Frying the Brains of Managers using NLP

Rintu BasuBusinessLeave a Comment

In the last two post we discussed via an experiment with Steve how to use a string of logic to get a result.

Using NLP to manage your boss

In this post we will look at how Steve took that same idea and used it to manage his boss.

The Situation

Steve is an exceptionally good salesman working in a customer care role in a call centre. His primary duty is to manage customer problems and queries but also to cross and up sell other products to his customers.

Steve’s boss is young and inexperienced in the role and comes from a customer service background. Steve out performs his team considerably in terms of sales but as a result his call lengths are far higher than the rest of his team. His manager is constantly on at him to improve his performance not realising that Steve’s call lengths are higher because he is making sales.

The Outcome

Steve gets commission for sales. Whilst he would get his manager off his back if his call lengths went down he would not get any commission from this. It is obvious that the company want more sales and is incentivising the staff to do this. I don’t know for certain but based on the conversations I have had with Steve his manager just doesn’t get sales and is only thinking about the customer service element and cost reductions.

Steve’s best result is to get his manager to understand that the call length is related to the fact he is making sales where the rest of his team aren’t, making sales is a better result for everyone¬† and to be let alone to continue doing this.

The Intervention

A couple of weeks ago the situation came to a head and Steve’s manager sat with him to “coach” him into reducing his call length. This was Steve’s opportunity to blow out his manager. Here is a truncated version of the conversation with all of the fluff taken out.

Steve, once they had settled down and done some small talk, “How important are call lengths?”

Manager, “Very, your quality score is based on a number of issues including call length…” long justification on the amount of money long call lengths lose the company.

Talked about other things and then came back with:

Steve, “So the issue isn’t the length of call but how much money the company loses by having a long call?”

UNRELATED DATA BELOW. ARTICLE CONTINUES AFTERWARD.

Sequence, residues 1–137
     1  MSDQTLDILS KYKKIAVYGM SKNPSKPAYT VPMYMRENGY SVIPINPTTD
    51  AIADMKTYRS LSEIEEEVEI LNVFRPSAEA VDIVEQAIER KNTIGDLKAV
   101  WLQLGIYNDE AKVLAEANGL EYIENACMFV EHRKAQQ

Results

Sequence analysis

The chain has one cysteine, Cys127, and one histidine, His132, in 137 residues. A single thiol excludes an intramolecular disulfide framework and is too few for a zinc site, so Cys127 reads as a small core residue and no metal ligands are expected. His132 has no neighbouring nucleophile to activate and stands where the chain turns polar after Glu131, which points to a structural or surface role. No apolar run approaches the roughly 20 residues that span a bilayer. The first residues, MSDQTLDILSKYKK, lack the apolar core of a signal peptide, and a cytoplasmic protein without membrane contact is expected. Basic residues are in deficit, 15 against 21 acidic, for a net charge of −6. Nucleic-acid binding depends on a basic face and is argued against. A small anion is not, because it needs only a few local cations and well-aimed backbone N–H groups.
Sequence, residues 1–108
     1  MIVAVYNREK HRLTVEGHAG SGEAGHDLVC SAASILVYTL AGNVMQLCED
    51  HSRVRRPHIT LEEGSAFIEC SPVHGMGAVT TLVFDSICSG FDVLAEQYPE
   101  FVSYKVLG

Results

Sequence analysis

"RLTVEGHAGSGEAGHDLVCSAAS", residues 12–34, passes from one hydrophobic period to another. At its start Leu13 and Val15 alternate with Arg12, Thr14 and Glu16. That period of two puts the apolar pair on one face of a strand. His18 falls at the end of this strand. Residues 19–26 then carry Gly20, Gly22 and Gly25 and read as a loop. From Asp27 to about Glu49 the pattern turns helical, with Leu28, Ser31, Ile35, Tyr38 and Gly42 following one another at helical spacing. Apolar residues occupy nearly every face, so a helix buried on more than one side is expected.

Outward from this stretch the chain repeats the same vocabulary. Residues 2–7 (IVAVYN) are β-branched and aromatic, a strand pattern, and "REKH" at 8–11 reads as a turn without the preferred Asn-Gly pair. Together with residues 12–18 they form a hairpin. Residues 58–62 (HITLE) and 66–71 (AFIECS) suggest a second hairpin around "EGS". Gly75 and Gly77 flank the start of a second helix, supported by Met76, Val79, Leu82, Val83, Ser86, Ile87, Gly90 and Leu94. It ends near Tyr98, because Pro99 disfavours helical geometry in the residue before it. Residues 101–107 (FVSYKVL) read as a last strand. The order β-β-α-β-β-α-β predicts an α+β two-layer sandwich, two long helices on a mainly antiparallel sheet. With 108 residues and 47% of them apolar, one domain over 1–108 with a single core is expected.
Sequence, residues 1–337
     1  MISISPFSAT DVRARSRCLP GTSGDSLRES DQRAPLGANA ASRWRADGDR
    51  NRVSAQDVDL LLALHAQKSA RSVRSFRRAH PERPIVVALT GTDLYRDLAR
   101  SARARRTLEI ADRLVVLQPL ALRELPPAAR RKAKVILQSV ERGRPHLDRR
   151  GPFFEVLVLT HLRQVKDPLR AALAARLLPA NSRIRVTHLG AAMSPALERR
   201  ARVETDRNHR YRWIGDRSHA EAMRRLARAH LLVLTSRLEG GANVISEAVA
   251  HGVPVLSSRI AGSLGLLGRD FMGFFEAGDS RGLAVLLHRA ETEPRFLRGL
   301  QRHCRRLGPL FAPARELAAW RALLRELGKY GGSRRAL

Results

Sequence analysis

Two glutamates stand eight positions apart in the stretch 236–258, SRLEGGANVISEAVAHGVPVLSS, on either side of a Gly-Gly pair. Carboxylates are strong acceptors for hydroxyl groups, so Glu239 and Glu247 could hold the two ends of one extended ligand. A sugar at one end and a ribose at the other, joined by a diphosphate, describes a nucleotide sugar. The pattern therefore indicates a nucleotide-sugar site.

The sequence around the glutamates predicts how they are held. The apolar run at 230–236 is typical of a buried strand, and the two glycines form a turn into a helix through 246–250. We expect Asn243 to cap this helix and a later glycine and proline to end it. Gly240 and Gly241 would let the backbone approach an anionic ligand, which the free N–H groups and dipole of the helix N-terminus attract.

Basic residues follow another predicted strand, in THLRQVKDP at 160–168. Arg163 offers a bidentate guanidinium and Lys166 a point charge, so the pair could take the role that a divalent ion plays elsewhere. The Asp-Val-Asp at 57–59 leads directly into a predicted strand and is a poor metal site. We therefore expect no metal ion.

Manager, “Sort of, there are other considerations like how many people there are in the queue, building rapport and the customer experience…”

Steve, “I think what you are telling me is that I should build rapport and a relationship with the customer but not at the expense of other people in the queue.”

Manager, “It’s not as simple as that you need to deal with their query as well.”

Steve, “So let me understand…what is the most important thing I should be focused on? Is it the call length or the customer?

Manager, “The customer obviously.”

Steve, “So I should build rapport, deal with their query and build a relationship and all those things are more important than the call length even though they cost the company money?”

Manager, “You are trying to put words into my mouth.”

Steve, “No, just trying to understand the situation.”

Steve changes the subject at this point so his manager doesn’t get annoyed and start using a fixed position. A few minutes later Steve broaches the subject again.

Steve, “What if I could, build the relationship, sort their query and make the company more money all in one go?”

Manager, “You are going to talk sales again aren’t you?”

Steve, “The issue isn’t about sales it’s about dealing with the customer query, building the relationship and making the company money all at the same time. Am I right in thinking that call lengths are secondary to all that?”

Apparently the manager walked away at this point telling Steve that he didn’t want to talk to him any more and has left Steve alone to do his thing ever since.

Deconstructing NLP Language Patterns

As you can obviously see Steve used a redefine as his NLP Language Pattern of choice to get his result. But notice that it comes at the end of a lengthy discourse and a whole lot of questioning of his manager first.

Steve’s manager started from a frame of how important call lengths are in isolation to the whole situation. By asking the questions Steve brought his manager back in touch with the important priorities of the call.

Steve then quite skilfully attaches sales to all the things his manager deems important in the call. Steve also attaches the idea of making money for the company. But here is the really clever bit, Steve uses the redefine pattern to take away the idea of sales and replacing it with all the things his manager thinks is important.

Elegant but Blunt NLP Language Patterns

Steve’s manager was thinking consciously and was fully aware of were Steve was leading him. The interesting thing is he had no choice but to follow Steve’s line of reasoning and at the end is forced to agree. Steve set up the conditions and looked at the problem strategically rather than just blindly firing off language patterns.

Steve gets to be this good because he let’s me experiment with his head over the occasional lunch. You can be even better than this simply by going through Advanced Persuasion Patterns, a download course that will take you to a new level of thinking about persuasion skills.

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